Having one's tissues briefly magnetized is considered far less risky than
the fairly gross ionization damage caused by X-rays. The most common
form of MRI discomfort is simple claustrophobia. MRIs are as narrow as
the grave, and also very loud, with sharp mechanical clacking and
But the results are marvels to behold, and MRIs have clearly
saved many lives. And the tests will eliminate some potential risks to
the patient, and put the physician on surer ground with his diagnosis.
So why not just go ahead and take the test?
MRIs have gone ahead boldly. Unfortunately, miracles rarely
come cheap. Today the United States spends thirteen percent of its Gross
National Product on health care, and health insurance costs are
drastically outstripping the rate of inflation.
High-tech, high-cost resources such as MRIs generally go to to
the well-to-do and the well-insured. This practice has sad
repercussions. While some lives are saved by technological miracles --
and this is a fine thing -- other lives are lost, that might have been
rescued by fairly cheap and common public-health measures, such as
better nutrition, better sanitation, or better prenatal care. As advanced
nations go, the United States a rather low general life expectancy, and a
quite bad infant-death rate; conspicuously worse, for instance, than
Italy, Japan, Germany, France, and Canada.
MRI may be a true example of a technology genuinely ahead of
its time. It may be that the genius, grit, and determination of Raymond
Damadian brought into the 1980s a machine that might have been better
suited to the technical milieu of the 2010s. What MRI really requires for
everyday workability is some cheap, simple, durable, powerful
superconductors. Those are simply not available today, though they
would seem to be just over the technological horizon. In the meantime,
we have built thousands of magnetic windows into the body that will do
more or less what CAT-scan x-rays can do already. And though they do
it better, more safely, and more gently than x-rays can, they also do it
at a vastly higher price.
Damadian himself envisioned MRIs as a cheap mass-produced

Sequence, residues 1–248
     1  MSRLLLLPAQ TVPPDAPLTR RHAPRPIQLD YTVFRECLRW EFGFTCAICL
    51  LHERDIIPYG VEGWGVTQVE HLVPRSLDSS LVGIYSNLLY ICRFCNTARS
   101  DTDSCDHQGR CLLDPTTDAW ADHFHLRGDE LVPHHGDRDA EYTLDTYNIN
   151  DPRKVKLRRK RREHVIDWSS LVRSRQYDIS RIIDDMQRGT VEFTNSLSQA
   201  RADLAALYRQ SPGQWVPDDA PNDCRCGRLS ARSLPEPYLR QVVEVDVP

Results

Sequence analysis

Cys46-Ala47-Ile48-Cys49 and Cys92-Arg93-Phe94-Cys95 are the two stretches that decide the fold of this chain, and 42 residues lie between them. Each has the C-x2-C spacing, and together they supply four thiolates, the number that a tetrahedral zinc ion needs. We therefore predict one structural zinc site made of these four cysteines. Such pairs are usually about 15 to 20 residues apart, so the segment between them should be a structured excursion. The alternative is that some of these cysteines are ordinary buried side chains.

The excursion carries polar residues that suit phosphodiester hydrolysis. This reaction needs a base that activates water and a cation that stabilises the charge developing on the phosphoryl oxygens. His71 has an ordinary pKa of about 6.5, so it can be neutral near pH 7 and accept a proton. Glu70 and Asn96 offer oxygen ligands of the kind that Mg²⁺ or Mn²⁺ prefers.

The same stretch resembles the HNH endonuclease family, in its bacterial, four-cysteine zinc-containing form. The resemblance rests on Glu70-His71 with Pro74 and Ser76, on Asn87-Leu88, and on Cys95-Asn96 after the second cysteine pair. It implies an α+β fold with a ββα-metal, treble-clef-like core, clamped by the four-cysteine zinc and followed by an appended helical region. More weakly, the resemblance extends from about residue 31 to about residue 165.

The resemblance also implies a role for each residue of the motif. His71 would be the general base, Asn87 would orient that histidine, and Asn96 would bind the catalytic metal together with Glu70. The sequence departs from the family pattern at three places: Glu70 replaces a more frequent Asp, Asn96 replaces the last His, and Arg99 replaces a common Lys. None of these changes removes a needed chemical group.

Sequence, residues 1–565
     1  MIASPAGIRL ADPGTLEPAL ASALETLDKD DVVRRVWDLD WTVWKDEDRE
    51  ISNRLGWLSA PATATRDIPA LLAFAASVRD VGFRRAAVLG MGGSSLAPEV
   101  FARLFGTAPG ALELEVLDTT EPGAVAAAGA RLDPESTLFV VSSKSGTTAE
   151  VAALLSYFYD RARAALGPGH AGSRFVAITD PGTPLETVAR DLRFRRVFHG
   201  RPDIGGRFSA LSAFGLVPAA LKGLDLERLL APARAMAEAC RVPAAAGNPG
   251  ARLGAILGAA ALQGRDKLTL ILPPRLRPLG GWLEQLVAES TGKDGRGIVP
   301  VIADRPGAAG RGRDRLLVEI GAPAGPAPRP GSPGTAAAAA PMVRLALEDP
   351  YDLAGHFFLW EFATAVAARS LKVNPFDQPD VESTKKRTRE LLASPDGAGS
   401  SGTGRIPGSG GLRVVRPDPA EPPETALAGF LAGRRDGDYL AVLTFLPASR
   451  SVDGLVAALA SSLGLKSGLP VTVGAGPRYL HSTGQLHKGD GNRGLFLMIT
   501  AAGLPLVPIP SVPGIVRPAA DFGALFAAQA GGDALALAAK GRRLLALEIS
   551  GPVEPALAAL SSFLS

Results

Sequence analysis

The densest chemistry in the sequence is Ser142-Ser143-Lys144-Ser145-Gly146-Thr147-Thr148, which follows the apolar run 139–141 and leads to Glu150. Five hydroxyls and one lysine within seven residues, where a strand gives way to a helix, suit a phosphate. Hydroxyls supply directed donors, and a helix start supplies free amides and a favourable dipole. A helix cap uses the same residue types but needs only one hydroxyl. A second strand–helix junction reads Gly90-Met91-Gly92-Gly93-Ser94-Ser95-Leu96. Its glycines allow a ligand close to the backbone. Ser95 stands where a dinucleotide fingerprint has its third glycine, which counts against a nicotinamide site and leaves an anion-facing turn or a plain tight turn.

technology. "In ten to fifteen years," he is quoted as saying in 1985,
"we'll be able to step into a booth -- they'll be in shopping malls or
department stores -- put a quarter in it, and in a minute it'll say you
need some Vitamin A, you have some bone disease over here, your blood
pressure is a touch high, and keep a watch on that cholesterol." A
thorough medical checkup for twenty-five cents in 1995! If one needed
proof that Raymond Damadian was a true visionary, one could find it
Damadian even envisioned a truly advanced MRI machine
capable of not only detecting cancer, but of killing cancerous cells
outright. These machines would excite not hydrogen atoms, but
phosphorus atoms, common in cancer-damaged DNA. Damadian
speculated that certain Larmor frequencies in phosphorus might be
specific to cancerous tissue; if that were the case, then it might be
possible to pump enough energy into those phosphorus nuclei so that
they actually shivered loose from the cancer cell's DNA, destroying the
cancer cell's ability to function, and eventually killing it.
That's an amazing thought -- a science-fictional vision right out
of the Gernsback Continuum. Step inside the booth -- drop a quarter --
and have your incipient cancer not only diagnosed, but painlessly
obliterated by invisible Magnetic Healing Rays.
Who the heck could believe a visionary scenario like that?
Some things are unbelievable until you see them with your own
eyes. Until the vision is sitting right there in front of you. Where it
can no longer be denied that they're possible.
A vision like the inside of your own brain, for instance.